Panicsville Perverse

[LDR/HPR; 2004]

Others: John Zorn, Kevin Drumm, Brian Eno, Merzbow

This record is:

Like John Cage eating Throbbing Gristle in a musique concrete playground. Like John Zorn tripping on Scratch Acid. Like watching the Velvet Underground ice skate. Like Varèse operating a Metal Machine Music. Like reading "Thus Spoke Zarathustra" backwards. Like Artaud directing the next Wolf Eyes video.


From this increasingly extravagant list of similes and flagrant name checking, you may or may not have gleamed that this record is rather good. Just in case you are left in any doubt, I shall address this question in plain English: This record is very good.

Perverse is the music that John Cage imagined when he spoke of noise music coming to fruition. Rather than the anti-music of a Merzbow, intent on destroying the fabric of what we consider to be music, this record blends the natural properties of found sounds and electronics to create a synthesis of form. Through mixing the classically musical with the classically considered noise -- feedback, electronic manipulations and musique concrete elements -- a truly perverse beauty is created. A beauty that screams and strains at the ingrained boundaries of traditional western music in its sonorous excesses, while maintaining a remarkable internal dignity.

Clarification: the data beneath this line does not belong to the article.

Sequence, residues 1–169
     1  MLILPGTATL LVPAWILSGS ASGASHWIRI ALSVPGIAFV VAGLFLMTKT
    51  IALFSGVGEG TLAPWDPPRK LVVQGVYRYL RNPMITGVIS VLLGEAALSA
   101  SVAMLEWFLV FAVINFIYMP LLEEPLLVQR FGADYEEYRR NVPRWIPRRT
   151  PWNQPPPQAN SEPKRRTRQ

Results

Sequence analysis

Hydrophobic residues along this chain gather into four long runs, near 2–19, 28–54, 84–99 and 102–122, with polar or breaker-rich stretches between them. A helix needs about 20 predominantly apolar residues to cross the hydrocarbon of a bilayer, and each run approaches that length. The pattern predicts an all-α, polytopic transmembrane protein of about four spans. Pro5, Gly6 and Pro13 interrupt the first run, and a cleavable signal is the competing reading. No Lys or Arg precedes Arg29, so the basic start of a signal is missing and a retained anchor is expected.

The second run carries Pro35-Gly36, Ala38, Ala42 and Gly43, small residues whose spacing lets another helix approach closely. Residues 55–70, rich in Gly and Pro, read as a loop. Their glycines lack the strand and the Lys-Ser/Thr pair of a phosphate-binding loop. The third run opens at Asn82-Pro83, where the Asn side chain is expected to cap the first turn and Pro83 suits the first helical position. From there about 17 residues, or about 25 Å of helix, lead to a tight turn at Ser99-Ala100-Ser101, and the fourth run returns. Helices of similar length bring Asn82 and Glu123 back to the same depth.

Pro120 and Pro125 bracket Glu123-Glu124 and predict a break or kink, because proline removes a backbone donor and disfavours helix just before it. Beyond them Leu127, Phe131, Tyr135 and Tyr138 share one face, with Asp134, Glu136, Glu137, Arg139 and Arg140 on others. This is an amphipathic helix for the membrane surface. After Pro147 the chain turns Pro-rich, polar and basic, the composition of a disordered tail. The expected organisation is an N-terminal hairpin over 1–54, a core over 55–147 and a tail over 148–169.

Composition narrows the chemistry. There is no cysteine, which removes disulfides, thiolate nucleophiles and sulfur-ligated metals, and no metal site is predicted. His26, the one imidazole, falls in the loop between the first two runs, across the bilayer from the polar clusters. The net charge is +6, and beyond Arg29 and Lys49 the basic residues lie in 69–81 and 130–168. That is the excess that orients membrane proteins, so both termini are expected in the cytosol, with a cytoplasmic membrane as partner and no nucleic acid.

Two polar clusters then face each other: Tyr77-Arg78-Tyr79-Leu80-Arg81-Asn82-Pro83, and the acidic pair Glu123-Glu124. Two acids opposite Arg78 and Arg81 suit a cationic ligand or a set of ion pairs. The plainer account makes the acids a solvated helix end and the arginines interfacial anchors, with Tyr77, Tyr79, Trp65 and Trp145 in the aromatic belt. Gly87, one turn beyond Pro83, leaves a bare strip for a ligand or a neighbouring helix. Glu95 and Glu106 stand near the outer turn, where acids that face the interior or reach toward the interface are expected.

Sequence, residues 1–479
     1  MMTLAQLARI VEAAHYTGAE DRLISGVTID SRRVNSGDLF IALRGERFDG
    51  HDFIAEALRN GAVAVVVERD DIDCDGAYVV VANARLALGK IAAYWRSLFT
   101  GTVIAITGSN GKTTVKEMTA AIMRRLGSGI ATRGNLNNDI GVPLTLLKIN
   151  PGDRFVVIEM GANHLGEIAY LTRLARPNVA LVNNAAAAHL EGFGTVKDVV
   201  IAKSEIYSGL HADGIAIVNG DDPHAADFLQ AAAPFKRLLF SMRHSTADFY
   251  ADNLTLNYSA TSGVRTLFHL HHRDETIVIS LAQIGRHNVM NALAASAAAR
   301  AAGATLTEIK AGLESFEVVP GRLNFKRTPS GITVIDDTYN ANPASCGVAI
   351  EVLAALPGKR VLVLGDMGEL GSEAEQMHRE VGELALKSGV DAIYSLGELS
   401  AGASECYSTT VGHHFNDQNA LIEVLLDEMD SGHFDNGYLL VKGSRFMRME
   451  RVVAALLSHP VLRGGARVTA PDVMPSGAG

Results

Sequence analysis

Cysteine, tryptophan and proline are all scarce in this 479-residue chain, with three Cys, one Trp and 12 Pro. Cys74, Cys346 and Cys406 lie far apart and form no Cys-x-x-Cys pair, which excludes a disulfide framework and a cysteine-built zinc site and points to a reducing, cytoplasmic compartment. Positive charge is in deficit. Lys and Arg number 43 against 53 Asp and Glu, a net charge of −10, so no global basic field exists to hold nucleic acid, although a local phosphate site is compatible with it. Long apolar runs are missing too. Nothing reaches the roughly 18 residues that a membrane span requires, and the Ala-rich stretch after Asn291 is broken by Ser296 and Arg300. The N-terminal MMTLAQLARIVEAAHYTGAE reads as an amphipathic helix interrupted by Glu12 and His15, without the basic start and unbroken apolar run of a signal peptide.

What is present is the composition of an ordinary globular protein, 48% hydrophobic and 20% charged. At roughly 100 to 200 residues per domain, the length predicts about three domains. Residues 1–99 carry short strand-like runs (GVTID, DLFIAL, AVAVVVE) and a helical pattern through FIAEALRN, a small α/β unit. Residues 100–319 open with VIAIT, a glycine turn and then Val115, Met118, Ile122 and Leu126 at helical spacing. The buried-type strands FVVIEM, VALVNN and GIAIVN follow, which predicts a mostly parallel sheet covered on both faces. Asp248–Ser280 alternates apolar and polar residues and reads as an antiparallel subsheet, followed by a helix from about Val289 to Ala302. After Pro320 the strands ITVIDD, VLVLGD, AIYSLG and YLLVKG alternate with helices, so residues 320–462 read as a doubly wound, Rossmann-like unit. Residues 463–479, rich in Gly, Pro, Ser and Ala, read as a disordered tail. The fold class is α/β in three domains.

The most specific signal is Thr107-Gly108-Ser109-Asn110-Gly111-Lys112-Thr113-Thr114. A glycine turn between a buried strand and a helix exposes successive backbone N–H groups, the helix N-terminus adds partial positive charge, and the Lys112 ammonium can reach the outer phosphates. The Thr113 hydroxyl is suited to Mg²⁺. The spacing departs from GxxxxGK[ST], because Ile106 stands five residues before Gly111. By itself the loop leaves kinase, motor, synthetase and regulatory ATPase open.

Within this internal framework, the sharp changes, smooth, filthy, noticed, unnoticed, jagged, and glorious all at once recall Zorn's fast paced attention span deficits while remaining in touch with extended tones and repetition. Challenging the listener's preconceptions with all the arrogance of Punk Rock, time begins to recede into relativity as the sudden lurches render the longer stretches all the more arresting to the senses.

Throughout, this record is one of an unsettling uncertainty, made all the more noticeable by its own self-assuredness. For the listener who likes to be challenged by music, who likes music to embark upon fresh, exciting, dangerous journeys navigated by nervous idiosyncrasies and unspoken compulsions, this record is perfect. For the listener who can stomach mangled baby's cries, feedback, water and deconstructed industrial rhythms, this record gives you all that and more. Like Neu! in a bath with Cornelius, it's so unexpected, dirty and secretly thrilling that you don't know whether or not to look.